ORONO, Maine — More than 13 percent of Maine households —the equivalent of more than 175,000 people — are not consistently able to have access to an adequate supply of healthful food, according to officials from the Good Shepherd Food-Bank.
Residents affected by hunger report being forced to choose between buying food or paying for other basics, including rent, fuel and medicine. The problem exists throughout the state and affects not only the poor, but also working- and middle-class people.
That’s why the Auburn-based organization, which provides food for an estimated 600 member agencies from Fort Kent to Kittery, is turning to the state’s movers and shakers for help, Christine Force, Good Shepherd’s development and marketing director, said in a recent telephone interview.
Set for 9 a.m. to 4 p.m. Thursday, Sept. 16, in Orono, Good Shepherd’s 2010 Hunger Summit, “Community Leaders Ending Hunger,” aims to bring together 100 community and business leaders and those who are directly involved with feeding the hungry.
“It’s an opportunity to hear new ideas and develop innovative ways to get food to people in need,” Force said of the event.
Good Shepherd Food-Bank is the largest hunger relief organization in the state, providing surplus and purchased food to all 16 Maine counties.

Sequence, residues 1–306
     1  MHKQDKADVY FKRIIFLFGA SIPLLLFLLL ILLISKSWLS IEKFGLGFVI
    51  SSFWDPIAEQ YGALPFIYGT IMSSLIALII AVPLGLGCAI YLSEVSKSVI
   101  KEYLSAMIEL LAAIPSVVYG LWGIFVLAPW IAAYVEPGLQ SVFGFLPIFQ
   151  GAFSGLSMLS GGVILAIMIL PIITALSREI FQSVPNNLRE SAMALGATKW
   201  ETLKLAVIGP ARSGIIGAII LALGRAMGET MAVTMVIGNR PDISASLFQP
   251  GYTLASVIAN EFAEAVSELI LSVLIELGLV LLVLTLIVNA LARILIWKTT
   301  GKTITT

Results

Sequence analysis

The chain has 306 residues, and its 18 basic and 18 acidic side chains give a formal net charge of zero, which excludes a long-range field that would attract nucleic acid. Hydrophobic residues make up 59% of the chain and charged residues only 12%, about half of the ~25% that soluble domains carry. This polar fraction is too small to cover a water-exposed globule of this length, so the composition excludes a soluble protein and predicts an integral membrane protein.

The organization expects to distribute more than 13 million pounds of food during the current fiscal year, according to its website, www.gsfb.org.
“We’re definitely the hub,” Force said, adding that the Auburn-based food bank serves an estimated 600 member agencies.
Because of the size of the meeting space, the summit at the Black Bear Inn Conference Center is by invitation only, Force said.
Among the invitees, she said, are community and business leaders and people who are involved in serving the hungry, “so it’s really kind of a mix.” Participants have been drawn from Greater Bangor’s coastal region and the Augusta area, Force said. During the summit, they will break into groups of eight to work on hunger-related issues.
Force said Good Shepherd hopes to use the recommendations and suggestions put forth by participants to develop new models that will help eliminate hunger in Maine. A summary of the summit will be posted on Good Shepherd’s website, she said.
A summit held earlier in Portland drew a range of participants, including a supermarket official, a bank manager, people who work with food pantries and a representative from a refugee community, Force said.
That session yielded a number of suggestions, such as looking for ways to preserve local produce by canning or freezing to make it available beyond the traditional harvest season and ways to make it easier for Mainers to use food stamps at their local farmers markets, Force said.
The Orono summit will be led by Winter Robinson, who Force said has a background in organization development as well as a “passion for the hunger issue,” Force said.
She said Good Shepherd Executive Director Rick Small will open the summit and board chairwoman Diane Dunton will deliver the closing remarks.